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School board needs efficiency
At the end of an article in The Sentinel-News (“Shelby County School Board 2012-13 budget to be reviewed,” Sept. 26) was a section titled “Finance committee.” In case you didn’t get the chance to read the article, the finance committee was created in 2006, and, according to Superintendent [James] Neihof, disbanding it did not have to be on the agenda because the committee “was created out of a board discussion, not a board action item.”
While the public has been assured year after year that every penny taken from our household budgets by the school board has been essential to ensuring student achievement, it was not until this article that most citizens learned the school board has cavalierly outsourced the hashing out of school finances to a committee since 2006.
According to The Sentinel-News, current board member Sam Hinkle expressed concerns that “the committee…might be part of the problem with the public’s lack of confidence in the board’s financial management.”
Because I doubt most members of the public knew before this report that the board’s initial financial work had been relegated to closed-door committee meetings, I do not believe Mr. Hinkle’s diagnosis of the board’s problem is correct. The people of Shelby County recognize sound financial management when we see it; we just do not see it with our current school board.
Taxes have been raised consistently since 1999, and initiatives requiring hundreds of thousands of dollars have been implemented, with little to no significant scholastic improvement to show for them.
Members of the school board, it is time to stop spending as the primary means of improving schools. You must start evaluating everything you are doing holistically instead of from meeting to meeting. Raising our taxes to cover your inefficient, ineffective decisions is the easy way out.
More money is not the answer. I support more efficient, effective solutions to budgetary problems, instead of simply going back to property owners each year asking for more money.
Current board members, you are voted into your positions by the people in your districts based on trust. Confidence is waning because we are not seeing representation of the community but simply support for whatever the superintendent recommends.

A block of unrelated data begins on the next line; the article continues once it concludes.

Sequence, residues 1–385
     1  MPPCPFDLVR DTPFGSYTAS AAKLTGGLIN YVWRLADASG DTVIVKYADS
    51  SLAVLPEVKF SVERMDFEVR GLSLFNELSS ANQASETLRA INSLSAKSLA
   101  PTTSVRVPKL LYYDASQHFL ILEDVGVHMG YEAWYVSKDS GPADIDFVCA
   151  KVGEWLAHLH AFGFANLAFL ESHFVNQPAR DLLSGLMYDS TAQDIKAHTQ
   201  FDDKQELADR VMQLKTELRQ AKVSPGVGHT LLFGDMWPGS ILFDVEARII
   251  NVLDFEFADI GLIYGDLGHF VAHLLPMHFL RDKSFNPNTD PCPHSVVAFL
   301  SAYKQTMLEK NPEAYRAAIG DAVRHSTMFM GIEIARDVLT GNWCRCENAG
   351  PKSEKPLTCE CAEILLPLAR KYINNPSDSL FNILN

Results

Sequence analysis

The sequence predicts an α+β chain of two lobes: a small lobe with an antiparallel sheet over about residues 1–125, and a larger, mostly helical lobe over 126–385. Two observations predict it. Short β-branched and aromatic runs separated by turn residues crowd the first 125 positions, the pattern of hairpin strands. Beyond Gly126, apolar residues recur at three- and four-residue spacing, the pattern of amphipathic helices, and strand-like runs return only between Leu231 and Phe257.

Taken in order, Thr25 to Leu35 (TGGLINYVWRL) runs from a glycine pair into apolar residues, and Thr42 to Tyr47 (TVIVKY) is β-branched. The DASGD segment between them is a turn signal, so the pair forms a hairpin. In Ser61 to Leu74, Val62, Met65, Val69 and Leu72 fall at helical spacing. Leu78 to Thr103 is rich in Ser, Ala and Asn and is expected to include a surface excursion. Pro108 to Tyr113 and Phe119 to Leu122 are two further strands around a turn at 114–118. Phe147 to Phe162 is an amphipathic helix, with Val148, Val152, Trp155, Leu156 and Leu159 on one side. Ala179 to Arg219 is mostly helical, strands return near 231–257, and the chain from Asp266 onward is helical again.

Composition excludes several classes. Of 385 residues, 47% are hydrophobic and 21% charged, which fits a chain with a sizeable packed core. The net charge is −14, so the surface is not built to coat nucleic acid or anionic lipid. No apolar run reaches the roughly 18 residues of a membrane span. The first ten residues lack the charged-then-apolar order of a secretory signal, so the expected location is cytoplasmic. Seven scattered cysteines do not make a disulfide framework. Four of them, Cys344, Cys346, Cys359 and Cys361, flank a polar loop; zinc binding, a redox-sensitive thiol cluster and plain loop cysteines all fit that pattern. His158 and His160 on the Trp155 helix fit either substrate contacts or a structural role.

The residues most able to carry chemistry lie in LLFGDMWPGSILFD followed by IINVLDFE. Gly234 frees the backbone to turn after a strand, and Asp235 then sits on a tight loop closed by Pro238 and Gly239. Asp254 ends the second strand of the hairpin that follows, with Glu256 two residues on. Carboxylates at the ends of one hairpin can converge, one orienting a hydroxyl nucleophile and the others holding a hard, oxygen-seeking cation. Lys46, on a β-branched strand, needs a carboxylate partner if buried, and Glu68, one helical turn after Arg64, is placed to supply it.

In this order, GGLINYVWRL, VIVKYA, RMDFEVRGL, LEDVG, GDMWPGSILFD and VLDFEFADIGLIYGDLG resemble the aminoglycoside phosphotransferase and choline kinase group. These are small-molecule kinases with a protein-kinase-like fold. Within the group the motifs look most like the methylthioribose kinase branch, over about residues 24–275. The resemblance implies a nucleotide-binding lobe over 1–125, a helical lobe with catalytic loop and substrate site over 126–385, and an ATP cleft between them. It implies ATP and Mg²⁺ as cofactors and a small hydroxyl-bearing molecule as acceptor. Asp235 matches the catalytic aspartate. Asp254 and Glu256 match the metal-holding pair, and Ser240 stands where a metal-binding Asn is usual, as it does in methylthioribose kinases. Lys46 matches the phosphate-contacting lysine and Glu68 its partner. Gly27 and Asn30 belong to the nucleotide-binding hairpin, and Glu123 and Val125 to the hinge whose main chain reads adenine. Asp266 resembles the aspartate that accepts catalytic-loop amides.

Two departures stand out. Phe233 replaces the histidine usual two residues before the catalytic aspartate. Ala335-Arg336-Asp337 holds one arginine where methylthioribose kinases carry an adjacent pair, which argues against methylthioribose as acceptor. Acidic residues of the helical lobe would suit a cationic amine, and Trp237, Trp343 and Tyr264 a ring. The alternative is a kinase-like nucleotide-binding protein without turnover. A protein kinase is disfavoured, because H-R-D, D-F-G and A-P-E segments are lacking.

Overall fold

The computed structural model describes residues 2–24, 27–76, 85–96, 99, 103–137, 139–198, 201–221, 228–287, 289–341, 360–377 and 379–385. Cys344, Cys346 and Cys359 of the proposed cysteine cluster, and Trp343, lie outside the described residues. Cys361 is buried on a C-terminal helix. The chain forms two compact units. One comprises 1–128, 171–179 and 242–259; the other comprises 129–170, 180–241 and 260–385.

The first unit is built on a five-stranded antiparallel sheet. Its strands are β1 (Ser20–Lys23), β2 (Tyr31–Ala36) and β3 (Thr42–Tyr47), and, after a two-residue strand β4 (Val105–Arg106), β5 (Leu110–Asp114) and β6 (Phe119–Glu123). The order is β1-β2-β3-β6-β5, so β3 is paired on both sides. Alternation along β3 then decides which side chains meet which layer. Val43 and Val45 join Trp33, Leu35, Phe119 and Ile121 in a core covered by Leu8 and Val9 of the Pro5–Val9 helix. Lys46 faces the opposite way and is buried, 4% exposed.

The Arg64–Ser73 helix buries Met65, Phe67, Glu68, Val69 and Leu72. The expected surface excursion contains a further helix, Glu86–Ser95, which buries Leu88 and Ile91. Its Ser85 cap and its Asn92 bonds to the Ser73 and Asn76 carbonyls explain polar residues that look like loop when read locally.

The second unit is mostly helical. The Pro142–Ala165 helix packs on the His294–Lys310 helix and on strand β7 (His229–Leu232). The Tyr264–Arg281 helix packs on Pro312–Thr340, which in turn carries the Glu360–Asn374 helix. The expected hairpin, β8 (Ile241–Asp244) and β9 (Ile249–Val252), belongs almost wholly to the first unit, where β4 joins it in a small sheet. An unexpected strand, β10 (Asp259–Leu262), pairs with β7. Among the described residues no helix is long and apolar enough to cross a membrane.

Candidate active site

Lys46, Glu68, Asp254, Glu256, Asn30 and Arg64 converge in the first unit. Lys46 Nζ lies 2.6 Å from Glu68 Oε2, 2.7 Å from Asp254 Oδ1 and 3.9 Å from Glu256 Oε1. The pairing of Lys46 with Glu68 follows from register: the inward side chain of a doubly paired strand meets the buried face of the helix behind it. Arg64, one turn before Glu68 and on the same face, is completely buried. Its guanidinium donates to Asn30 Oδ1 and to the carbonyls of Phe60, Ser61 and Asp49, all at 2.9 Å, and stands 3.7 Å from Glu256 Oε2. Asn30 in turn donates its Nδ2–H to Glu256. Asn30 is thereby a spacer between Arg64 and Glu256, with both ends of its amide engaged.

It is time to think quality not BIG [goals].
Theater is ‘hopping’
During the past 20 years, I have attended most of the productions of the Shelby County Community Theatre and have come to believe that it is one of the principal focal points of our social activity. Years ago many of our friends in Louisville remembered and spoke in glowing terms of the traditional Shelbyville “Hops.”
As described by Bobby Webb on page 405 of The New History of Shelby County, these were dances held three times a year at Layson Hall (on the corner of 7th and Main Streets) by the Shelbyville Hop Club. Initiated over a century ago, they were very popular, attracting not only local residents, but also young people from surrounding communities.
I have often thought of our own community theater as filling a comparable role today, attracting not only local residents, but those living nearby, as well.
I recently attended a performance by SCCT of Honk Jr., a youth production, with all the roles played by boys and girls between the ages of 7 and 14 years. It was a sellout. The young actors displayed a maturity and talent that was truly amazing. James Ray Morgan, the director, did a remarkable job of encouraging, motivating and training the cast of 42.
We all have reason to be proud of our dedicated volunteers who are responsible for the success of our theater in bringing the community together and, in particular, for encouraging the participation of our young residents.
Ron Van Stockum Sr.
A unique place
Although Shelbyville is a small country town, we have recently realized that the important things can be found right here. Recently our mother died at 103 years of age, and we marvel at the excellent care given here at the Masonic Home. All the staff was helpful and generous to us in her last hours. Shannon’s Funeral Home eased our grieving hearts with the care and concern they have always exhibited. First Baptist Church, as usual, ministered to our hearts and bodies with the Benevolence Committee, providing a wonderful meal that was much appreciated because many families traveled far. A special thanks to those in this small country town who made our lives easier in this past bereavement. As all our large family traveled homeward, they were left with the marvel of our living in such a wonderful place.
The Kizzie Burke family